Auction 103
As for the FCC's upcoming millimeter-wave spectrum auctions, the agency said the event would be the "the largest spectrum auction in American history" and would start December 10. The FCC will release a total of 3,400MHz of spectrum across the upper 37GHz, 39GHz, and 47GHz bands in one single auction. While that is an enormous amount of spectrum compared with previous auctions, it's also high-band spectrum and therefore much different in terms of propagation when compared with low-band spectrum like 600MHz. Therefore, there's no reason to expect the upcoming auction to raise as much money as the 700MHz spectrum auction in 2008 did ($20 billion in total winning bids) or the AWS spectrum auction in 2015 ($41 billion).

Indeed, the FCC has already completed its first auction of high-band spectrum, the 28GHz auction, and that event raised just $704 million in winning bids. But that was probably because the auction covered mostly rural areas of the US. The agency's ongoing 24GHz spectrum auction -- which offers licenses in virtually every major metro area -- is closing in on the $2 billion mark in winning bids.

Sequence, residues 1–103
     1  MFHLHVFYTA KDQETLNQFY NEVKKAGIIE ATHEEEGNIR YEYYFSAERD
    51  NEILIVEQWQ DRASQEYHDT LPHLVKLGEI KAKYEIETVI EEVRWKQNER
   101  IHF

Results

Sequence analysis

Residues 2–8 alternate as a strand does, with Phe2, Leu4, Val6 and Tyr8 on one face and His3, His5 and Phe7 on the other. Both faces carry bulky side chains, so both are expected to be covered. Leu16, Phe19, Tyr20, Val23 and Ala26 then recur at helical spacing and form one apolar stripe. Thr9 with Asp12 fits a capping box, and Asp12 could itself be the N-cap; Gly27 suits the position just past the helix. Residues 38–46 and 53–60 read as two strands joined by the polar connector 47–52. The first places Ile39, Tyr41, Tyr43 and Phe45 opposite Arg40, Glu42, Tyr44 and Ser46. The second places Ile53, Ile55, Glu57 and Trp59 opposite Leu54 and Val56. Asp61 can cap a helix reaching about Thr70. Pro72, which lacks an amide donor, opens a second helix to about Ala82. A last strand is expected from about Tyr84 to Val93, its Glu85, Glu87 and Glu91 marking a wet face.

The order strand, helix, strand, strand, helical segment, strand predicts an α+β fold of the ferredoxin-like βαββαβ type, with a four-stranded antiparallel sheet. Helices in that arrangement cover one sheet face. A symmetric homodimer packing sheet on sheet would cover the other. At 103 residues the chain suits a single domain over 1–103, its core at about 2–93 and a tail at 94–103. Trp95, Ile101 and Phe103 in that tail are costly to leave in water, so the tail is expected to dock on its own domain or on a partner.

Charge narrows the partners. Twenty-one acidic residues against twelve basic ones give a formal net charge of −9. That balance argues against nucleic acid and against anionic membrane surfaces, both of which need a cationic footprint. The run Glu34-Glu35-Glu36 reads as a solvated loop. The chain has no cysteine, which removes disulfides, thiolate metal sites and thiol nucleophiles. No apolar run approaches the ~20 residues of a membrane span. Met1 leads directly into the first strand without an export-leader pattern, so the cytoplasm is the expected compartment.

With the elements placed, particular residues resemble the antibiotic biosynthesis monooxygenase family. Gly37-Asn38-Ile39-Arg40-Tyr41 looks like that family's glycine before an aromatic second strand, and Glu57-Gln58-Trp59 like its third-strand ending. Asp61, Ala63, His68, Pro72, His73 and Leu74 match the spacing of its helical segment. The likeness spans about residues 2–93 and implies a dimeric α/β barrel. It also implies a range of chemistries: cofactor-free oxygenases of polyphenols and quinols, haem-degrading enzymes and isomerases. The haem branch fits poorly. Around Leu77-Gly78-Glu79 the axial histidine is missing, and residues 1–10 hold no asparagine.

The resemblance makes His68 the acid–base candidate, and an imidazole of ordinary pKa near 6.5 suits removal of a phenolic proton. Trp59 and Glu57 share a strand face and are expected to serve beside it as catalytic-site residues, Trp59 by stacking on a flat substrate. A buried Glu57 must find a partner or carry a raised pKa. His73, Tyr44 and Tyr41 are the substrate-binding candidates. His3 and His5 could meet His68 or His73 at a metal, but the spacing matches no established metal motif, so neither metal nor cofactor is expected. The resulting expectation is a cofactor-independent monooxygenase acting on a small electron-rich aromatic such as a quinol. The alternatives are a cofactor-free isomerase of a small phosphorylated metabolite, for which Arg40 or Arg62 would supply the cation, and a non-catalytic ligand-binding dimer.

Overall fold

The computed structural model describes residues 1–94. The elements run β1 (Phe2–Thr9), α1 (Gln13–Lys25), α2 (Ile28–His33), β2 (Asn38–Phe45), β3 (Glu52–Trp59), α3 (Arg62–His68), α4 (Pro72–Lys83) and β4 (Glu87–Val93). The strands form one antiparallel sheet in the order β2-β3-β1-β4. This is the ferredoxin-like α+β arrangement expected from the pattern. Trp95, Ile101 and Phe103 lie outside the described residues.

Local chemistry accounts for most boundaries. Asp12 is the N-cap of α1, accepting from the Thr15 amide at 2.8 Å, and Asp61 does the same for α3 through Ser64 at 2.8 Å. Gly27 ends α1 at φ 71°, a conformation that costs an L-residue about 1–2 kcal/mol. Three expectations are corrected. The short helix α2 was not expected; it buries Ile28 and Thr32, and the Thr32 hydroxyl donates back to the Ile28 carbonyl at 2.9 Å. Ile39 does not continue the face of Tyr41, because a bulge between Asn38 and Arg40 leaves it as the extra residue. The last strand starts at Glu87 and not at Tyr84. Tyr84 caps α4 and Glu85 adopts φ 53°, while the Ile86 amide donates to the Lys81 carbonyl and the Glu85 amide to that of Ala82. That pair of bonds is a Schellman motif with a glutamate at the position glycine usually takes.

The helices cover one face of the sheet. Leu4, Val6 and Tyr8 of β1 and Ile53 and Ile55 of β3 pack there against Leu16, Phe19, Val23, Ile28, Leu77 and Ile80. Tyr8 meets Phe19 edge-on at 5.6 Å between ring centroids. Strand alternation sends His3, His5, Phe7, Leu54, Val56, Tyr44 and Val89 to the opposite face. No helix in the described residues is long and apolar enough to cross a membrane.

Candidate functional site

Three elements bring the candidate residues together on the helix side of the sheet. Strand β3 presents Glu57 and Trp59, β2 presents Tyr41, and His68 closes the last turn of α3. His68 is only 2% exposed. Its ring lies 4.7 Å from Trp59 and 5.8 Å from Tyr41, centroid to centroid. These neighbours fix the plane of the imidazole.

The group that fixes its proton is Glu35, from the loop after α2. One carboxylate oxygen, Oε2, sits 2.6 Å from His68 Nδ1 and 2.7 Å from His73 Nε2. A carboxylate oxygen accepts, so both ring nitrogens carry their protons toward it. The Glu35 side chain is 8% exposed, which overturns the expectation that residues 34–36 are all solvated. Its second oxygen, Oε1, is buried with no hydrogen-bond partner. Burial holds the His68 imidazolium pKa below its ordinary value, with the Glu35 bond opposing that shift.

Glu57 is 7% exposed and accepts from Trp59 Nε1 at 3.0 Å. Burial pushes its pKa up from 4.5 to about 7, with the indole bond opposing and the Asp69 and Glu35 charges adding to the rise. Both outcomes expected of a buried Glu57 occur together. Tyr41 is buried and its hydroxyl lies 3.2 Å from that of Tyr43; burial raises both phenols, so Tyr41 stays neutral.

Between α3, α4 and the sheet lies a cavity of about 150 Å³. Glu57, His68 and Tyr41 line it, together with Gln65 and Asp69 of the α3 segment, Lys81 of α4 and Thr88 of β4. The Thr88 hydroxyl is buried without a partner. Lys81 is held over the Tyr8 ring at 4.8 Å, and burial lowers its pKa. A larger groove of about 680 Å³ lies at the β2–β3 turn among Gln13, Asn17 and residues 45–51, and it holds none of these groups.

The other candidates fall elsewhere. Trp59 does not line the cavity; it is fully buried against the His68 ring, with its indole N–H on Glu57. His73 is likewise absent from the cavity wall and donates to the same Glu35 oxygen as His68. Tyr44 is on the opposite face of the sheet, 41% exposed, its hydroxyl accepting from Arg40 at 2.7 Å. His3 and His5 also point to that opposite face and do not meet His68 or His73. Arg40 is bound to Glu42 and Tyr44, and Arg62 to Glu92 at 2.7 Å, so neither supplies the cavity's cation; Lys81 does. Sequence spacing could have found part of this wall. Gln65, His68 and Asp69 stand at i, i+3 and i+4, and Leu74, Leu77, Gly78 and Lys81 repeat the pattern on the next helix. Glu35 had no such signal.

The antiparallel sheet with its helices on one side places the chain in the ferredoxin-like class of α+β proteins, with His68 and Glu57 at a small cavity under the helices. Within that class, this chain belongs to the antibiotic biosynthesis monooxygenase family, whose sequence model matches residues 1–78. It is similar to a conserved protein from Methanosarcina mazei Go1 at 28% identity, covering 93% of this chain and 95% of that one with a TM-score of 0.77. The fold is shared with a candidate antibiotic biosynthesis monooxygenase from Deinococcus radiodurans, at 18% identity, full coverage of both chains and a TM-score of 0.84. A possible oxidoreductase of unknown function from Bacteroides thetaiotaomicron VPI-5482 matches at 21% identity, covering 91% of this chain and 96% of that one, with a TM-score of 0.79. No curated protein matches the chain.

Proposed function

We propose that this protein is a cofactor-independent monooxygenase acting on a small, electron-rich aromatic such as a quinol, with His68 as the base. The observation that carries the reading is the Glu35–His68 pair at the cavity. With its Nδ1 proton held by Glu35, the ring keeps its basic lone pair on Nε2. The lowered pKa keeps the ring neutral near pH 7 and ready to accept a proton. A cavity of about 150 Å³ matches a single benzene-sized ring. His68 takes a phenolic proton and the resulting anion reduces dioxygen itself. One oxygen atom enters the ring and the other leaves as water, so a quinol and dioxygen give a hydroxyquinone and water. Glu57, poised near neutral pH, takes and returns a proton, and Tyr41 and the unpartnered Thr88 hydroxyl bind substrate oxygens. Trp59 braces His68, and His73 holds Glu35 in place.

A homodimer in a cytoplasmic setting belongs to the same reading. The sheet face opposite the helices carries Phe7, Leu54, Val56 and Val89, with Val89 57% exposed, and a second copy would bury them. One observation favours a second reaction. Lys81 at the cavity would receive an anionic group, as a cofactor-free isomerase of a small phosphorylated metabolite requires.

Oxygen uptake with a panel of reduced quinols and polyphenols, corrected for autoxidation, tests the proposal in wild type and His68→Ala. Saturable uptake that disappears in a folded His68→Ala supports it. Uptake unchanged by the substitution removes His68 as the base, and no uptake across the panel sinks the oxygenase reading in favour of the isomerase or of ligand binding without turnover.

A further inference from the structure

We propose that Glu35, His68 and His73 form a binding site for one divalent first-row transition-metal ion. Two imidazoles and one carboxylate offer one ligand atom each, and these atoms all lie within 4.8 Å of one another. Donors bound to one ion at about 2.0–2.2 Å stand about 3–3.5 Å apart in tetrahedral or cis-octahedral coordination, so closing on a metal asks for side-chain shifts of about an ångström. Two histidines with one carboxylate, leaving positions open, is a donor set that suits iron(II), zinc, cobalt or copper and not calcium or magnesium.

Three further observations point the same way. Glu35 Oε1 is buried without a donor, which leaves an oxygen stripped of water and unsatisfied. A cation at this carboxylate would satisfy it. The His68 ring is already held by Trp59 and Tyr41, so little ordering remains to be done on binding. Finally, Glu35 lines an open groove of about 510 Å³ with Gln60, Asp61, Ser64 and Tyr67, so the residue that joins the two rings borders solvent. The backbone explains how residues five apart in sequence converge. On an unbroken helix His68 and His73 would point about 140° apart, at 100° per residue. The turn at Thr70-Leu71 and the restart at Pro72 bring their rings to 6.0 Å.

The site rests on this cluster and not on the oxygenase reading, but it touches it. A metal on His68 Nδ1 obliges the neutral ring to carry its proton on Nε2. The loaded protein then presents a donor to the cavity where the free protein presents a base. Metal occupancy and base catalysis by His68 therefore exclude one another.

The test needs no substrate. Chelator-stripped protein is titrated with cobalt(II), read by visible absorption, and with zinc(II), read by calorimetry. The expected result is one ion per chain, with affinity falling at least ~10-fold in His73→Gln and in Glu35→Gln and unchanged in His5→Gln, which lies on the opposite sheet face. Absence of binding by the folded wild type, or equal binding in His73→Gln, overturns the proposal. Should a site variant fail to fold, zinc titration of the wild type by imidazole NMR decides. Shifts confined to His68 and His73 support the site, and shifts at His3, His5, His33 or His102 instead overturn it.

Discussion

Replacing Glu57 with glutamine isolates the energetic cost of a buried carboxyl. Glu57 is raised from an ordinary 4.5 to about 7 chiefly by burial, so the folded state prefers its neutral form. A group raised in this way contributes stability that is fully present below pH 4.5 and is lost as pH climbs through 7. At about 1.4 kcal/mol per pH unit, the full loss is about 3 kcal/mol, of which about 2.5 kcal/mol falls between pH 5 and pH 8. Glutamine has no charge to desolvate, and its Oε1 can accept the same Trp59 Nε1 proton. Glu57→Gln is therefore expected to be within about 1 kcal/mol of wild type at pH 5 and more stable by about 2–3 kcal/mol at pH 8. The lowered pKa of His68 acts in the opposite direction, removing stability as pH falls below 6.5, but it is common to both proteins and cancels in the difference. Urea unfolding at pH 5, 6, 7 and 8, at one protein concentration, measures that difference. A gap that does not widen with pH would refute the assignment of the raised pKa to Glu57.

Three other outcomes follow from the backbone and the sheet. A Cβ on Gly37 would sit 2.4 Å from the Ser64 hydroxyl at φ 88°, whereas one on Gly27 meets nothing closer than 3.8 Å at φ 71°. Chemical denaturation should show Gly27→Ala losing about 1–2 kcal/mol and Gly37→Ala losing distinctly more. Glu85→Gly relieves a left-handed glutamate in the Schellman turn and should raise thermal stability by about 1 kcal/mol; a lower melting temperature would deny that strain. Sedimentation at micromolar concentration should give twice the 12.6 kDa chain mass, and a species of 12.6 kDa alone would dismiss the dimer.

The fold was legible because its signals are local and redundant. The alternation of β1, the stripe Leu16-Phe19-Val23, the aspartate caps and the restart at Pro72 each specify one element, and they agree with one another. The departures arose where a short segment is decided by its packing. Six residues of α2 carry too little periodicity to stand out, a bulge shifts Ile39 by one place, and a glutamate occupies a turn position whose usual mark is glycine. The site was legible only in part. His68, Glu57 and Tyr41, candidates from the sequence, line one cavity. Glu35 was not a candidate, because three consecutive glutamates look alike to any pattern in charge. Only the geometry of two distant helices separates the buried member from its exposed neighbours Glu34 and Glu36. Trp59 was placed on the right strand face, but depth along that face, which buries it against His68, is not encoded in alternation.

Interestingly, the upcoming upper 37GHz, 39GHz, and 47GHz auction -- dubbed Auction 103 -- is not without some drama. Just hours before the FCC's meeting today where it was scheduled to vote on rules for the action, the NTIA raised a red flag over how the agency might handle spectrum licenses in the upper 37GHz band. Specifically, the NTIA warned that the Department of Defense "will need to use the upper 37GHz band at additional sites, but these other locations cannot be specifically identified at this time." Meaning, the US military needs some of the 37GHz band, but it doesn't know exactly where or when.